The Martian Lunar System

Diagram of the
Martian moon system by David Buth

The Martian Lunar System

The discovery of "hurtling moons of Barsoom" to use Edgar Rice Burrough's colorful phrase contains a curious puzzle of literary history. The tiny moons Phobos and Deimos were discovered and named by Asaph Hall in 1877. Hall was working with the new 26 inch refracting telescope at the U.S. Naval Observatory in Washington. Beginning in August of that year Hall began a systematic search for possible Martian satellites. He found Deimos on Aug. 11 and Phobos on Aug. 18. They were named after the attendants of the God of War. Both moons are very tiny and orbit Mars quite closely which explains why they were not discovered until the late 19th Century. Deimos orbits Mars at an altitude of 23,500 km. (14,600 mi.) with a period of 30 hours and 18 minutes. Phobos, the inner moon orbits Mars at an altitude of 9400 km. (5,800 mi.) with a period of only 7 hours and 38 minutes.

The puzzle lies in the fact that Jonathan Swift (1667-1745) in his famous satire "Gullivers' Travels" (1726) written to "vex the world" as he put it, describes Mars as having two tiny moons as Hall discovered in 1877, some 151 years later! This delightful satire certainly did vex the powers that be in the early 18th Century and is a story loved by young and old alike today. It also vexes historians to this day, how did he know? Was it just a lucky guess? Did he have access to an unusually powerful telescope during unusually good seeing conditions? We may never know. What ever the results of this puzzle, I highly recommend the original "Gullivers' Travels" (1726), but be warned, it is not a children's story in the original like it is in some later adaptations.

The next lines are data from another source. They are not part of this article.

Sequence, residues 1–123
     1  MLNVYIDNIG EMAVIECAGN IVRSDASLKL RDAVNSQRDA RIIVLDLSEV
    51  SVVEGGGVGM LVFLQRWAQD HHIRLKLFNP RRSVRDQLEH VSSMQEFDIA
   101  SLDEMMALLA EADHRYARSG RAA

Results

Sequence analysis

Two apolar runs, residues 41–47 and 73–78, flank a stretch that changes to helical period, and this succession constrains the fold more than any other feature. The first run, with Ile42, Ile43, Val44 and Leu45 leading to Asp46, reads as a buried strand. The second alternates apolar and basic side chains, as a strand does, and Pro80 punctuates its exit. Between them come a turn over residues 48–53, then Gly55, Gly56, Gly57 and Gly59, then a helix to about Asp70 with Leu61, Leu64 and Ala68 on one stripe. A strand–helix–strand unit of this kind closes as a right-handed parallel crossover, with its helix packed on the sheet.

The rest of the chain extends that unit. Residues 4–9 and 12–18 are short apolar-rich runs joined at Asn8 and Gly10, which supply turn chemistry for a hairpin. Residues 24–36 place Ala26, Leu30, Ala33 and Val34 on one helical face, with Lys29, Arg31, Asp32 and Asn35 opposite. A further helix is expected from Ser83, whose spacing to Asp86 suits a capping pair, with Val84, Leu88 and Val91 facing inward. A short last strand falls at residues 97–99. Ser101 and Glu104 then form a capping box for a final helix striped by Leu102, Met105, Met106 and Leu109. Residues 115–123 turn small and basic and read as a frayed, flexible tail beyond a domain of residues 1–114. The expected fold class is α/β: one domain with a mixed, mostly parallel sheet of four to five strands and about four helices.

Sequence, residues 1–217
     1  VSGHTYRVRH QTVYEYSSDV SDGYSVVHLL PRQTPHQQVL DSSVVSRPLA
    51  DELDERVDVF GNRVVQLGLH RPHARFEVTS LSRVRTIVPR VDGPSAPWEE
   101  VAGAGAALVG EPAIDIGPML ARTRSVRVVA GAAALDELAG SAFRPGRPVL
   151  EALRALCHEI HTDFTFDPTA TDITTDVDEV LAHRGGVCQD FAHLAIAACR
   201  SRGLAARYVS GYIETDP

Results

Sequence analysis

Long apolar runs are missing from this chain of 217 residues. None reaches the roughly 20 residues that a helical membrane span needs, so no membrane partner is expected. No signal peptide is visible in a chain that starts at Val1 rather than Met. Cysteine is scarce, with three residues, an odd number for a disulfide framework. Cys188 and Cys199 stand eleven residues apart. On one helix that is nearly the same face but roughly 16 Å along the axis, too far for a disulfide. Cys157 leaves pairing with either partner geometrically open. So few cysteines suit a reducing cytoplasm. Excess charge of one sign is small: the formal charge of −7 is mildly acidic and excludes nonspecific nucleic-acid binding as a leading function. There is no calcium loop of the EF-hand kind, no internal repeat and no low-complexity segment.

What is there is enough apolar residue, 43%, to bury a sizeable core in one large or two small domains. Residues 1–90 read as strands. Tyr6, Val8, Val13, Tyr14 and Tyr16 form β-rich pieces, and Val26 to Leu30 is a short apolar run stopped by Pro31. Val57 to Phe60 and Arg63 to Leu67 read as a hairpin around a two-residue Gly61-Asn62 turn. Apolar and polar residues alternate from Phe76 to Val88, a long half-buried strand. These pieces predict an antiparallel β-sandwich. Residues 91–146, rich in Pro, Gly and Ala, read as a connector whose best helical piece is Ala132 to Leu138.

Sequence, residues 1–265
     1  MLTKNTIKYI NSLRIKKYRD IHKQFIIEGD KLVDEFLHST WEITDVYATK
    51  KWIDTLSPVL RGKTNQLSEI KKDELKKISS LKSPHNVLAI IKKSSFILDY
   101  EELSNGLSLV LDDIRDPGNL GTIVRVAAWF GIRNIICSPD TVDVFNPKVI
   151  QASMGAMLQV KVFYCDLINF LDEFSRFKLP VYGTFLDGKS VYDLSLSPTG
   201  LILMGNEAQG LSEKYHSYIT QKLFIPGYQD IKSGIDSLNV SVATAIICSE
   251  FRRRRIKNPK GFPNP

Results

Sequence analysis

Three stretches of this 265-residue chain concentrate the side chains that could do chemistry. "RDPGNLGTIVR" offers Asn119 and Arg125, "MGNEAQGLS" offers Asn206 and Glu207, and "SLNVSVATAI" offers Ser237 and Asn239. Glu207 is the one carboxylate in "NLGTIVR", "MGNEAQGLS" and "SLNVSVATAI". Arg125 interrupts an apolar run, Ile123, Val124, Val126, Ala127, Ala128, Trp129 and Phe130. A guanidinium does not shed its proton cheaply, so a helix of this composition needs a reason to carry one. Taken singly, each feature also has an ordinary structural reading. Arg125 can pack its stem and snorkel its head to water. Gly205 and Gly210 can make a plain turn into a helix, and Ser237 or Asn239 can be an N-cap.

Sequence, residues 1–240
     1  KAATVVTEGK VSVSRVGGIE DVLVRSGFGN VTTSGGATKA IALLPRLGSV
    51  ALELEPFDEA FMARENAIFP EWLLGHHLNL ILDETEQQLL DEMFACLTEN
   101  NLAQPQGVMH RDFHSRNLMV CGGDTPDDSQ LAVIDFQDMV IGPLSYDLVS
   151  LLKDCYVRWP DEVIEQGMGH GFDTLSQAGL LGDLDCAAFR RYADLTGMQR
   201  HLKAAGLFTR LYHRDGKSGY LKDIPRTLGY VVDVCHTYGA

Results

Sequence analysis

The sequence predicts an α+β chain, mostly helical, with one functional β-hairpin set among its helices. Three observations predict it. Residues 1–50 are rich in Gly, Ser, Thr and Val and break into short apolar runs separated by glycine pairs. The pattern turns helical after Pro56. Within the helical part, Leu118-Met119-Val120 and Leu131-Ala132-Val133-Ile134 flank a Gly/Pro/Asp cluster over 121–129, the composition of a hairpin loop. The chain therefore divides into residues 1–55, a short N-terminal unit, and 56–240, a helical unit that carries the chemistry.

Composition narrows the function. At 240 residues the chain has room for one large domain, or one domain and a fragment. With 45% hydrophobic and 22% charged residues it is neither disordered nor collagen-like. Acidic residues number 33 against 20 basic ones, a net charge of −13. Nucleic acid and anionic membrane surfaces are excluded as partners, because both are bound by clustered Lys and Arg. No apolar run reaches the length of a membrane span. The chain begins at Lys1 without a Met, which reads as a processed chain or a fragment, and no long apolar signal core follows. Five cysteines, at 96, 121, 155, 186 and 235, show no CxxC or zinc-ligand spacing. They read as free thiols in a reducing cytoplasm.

Because the Martian moons orbit so close to their primary, they neatly bracket the Martian Clarke or Synchronous orbit as you can see in the map above. This fortuitous arrangement will allow resupply and shielding of a Martian Synchronous Space Station with significantly greater ease than the Terrestrial Geosynchronous equivalent being resupplied and shielded from Earth's Moon. This applies to Martian Comsats and Powersats as well. The down side of the tinyness of the Martian Moons is that no Lagrange Points can be established in the Martian System.

Since the Martian Moons are actually Carbonaceous Asteroids captured from the inner Asteroid Belt millions of years ago, they are considerably richer in volatiles than the Earth's Moon. This allows them to be used as fuel depots and life support raw materials supply as well as shielding and structural materials supply for the Mars Synchronous Station, the Low Mars Orbit Station, and the Mars Colony. They would also be the primary source of carbon black for the Martian poles if large scale terraforming of Mars were ever undertaken.

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Last rev: August 30, 1999 - counter